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Poised on border, Russia may be seeking pretext for Ukraine invasion, officials say


Evacuees from the separatist-held region of eastern Ukraine on Sunday at a temporary shelter in Taganrog, Russia. Many were anxious about how long they might be displaced and about what might lie ahead.

By Valerie Hopkins


Russian military exercises on Ukraine’s border were extended indefinitely Sunday, leaving an unrelenting threat hanging over a vastly outgunned Ukrainian military and jittery population after a weekend of shelling and evacuations that United States and Ukrainian officials warned was an effort by Moscow to create a pretext for an invasion.


The defense minister of Belarus said the war games in the country, which borders Ukraine and where some 30,000 Russian forces were taking part in the drills, would continue because of heightened tensions in eastern Ukraine. Russian-backed separatists in the region have evacuated thousands of civilians before what they said was an impending assault by Ukrainian forces.


With an estimated 190,000 Russian forces now massed on their nation’s borders and in breakaway areas, Ukrainian officials dismissed any intention of mounting an attack in the eastern Donbas region, where Ukrainian forces and Russian-backed separatists have been locked in a military standoff.


After a weekend of scattered but intensifying artillery shelling, the bombardment of the Ukrainian army in Donbas was at perhaps its highest peak in seven years, stretching along the entire front. U.S. and Ukrainian officials warned that pro-Moscow separatist leaders have been reporting false events or staging incidents intended to provide Russia with an excuse to push deeper into Ukraine.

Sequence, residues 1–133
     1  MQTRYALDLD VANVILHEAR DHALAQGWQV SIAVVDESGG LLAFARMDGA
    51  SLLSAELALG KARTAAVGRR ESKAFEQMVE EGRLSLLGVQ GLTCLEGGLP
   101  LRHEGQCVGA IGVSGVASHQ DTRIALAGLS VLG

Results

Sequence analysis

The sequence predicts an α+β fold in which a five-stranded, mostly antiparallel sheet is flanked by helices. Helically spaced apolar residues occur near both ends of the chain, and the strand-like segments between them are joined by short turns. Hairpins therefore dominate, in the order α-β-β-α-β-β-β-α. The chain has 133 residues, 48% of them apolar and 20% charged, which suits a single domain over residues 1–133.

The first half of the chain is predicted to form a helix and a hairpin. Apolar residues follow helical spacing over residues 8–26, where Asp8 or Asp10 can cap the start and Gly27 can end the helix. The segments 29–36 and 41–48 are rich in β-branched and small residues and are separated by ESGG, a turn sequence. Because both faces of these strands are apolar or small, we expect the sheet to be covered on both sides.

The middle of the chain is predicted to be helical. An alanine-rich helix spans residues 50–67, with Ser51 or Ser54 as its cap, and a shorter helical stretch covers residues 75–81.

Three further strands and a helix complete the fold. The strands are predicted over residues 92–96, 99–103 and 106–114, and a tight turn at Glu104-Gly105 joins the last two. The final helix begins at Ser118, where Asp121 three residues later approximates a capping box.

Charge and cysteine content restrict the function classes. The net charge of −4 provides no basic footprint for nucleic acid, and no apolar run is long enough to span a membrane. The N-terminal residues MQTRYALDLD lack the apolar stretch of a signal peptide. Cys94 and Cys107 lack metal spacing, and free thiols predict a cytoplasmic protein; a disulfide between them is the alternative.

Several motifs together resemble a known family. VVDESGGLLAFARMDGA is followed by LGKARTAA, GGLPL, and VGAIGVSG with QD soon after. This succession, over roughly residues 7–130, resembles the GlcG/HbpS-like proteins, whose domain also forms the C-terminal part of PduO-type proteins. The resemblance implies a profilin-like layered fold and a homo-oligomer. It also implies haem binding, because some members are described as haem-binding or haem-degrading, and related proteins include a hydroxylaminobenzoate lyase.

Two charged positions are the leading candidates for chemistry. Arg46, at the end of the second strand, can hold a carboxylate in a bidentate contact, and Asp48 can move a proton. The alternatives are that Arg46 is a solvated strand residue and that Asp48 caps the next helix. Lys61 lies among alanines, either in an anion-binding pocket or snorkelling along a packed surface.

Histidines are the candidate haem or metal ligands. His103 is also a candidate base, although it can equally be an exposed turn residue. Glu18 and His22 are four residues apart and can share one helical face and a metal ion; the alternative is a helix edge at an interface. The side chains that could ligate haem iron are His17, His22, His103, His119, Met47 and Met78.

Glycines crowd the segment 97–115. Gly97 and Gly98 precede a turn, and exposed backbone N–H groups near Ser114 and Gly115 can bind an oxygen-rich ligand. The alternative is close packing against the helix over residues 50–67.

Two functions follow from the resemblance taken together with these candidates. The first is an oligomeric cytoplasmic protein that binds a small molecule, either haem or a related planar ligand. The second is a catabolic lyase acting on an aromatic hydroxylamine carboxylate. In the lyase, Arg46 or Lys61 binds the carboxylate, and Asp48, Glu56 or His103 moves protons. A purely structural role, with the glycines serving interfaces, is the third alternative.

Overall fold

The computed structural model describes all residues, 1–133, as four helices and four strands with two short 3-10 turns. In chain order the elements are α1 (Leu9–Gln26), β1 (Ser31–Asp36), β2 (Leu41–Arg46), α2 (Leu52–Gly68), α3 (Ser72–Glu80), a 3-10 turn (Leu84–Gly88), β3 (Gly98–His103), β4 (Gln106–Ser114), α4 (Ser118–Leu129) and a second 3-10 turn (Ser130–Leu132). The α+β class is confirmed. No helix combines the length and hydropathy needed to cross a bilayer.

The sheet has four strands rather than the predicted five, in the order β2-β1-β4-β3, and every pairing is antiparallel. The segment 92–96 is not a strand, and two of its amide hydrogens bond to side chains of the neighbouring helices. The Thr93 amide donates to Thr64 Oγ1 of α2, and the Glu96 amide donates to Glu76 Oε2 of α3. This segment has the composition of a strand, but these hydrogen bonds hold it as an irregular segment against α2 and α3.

On Sunday evening, the Ukrainian military issued a statement saying the Russian-backed separatists in the Luhansk region had opened fire with heavy artillery on their own capital city “with the goal of blaming the Ukrainian military.” “In the absence of any aggressive action from the Ukrainian defenders, the occupiers themselves are blowing up infrastructure in the occupied territories and firing chaotically on towns,” the statement said. Russian news agencies reported artillery strikes in the area. There were no immediate reports of casualties.


On Saturday, separatist leaders released a video of a man they said was a Ukrainian spy involved in a plot masterminded by Kyiv to retake territory from the breakaway, self-proclaimed Donetsk People’s Republic.


Russia’s state-owned Channel One on Saturday broadcast an interview with a man who said he had been tasked with blowing up the car of Donetsk’s security chief, as part of a five-day plan to violently reclaim the city and its environs. He said he had smuggled weapons and explosives into the city. The explosion was among the events that precipitated mass evacuations of people living in the separatist republics that began shortly thereafter.


Kyiv has repeatedly denied the allegations.


“This morning, regular portions of lies and new videos about fictional events were flung at us,” Ukrainian Defense Minister Oleksii Reznikov said Saturday in Munich, during a trip accompanying President Volodymyr Zelenskyy. “The accumulation of this nonsense only convinces everyone that Ukraine is defending itself from a vicious aggressor who is willing to sacrifice women and children to destroy peace.’’


He called the ongoing information war between Ukraine and the West on one side and Russia on the other a “clash of civilizations.”